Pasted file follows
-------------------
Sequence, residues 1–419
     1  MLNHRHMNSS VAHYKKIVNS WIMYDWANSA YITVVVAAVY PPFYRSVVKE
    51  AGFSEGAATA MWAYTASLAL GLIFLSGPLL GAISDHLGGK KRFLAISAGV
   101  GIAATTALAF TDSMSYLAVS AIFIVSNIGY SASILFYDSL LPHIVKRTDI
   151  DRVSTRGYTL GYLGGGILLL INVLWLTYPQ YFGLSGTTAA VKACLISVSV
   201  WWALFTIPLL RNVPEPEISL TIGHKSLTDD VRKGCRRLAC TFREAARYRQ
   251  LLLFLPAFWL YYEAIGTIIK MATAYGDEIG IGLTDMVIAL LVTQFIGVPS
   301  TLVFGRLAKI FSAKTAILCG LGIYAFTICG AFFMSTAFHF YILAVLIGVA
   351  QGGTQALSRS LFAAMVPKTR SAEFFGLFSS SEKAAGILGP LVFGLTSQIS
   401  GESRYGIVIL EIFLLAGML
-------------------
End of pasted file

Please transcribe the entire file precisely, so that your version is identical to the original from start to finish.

Sequence, residues 1–419
     1  MLNHRHMNSS VAHYKKIVNS WIMYDWANSA YITVVVAAVY PPFYRSVVKE
    51  AGFSEGAATA MWAYTASLAL GLIFLSGPLL GAISDHLGGK KRFLAISAGV
   101  GIAATTALAF TDSMSYLAVS AIFIVSNIGY SASILFYDSL LPHIVKRTDI
   151  DRVSTRGYTL GYLGGGILLL INVLWLTYPQ YFGLSGTTAA VKACLISVSV
   201  WWALFTIPLL RNVPEPEISL TIGHKSLTDD VRKGCRRLAC TFREAARYRQ
   251  LLLFLPAFWL YYEAIGTIIK MATAYGDEIG IGLTDMVIAL LVTQFIGVPS
   301  TLVFGRLAKI FSAKTAILCG LGIYAFTICG AFFMSTAFHF YILAVLIGVA
   351  QGGTQALSRS LFAAMVPKTR SAEFFGLFSS SEKAAGILGP LVFGLTSQIS
   401  GESRYGIVIL EIFLLAGML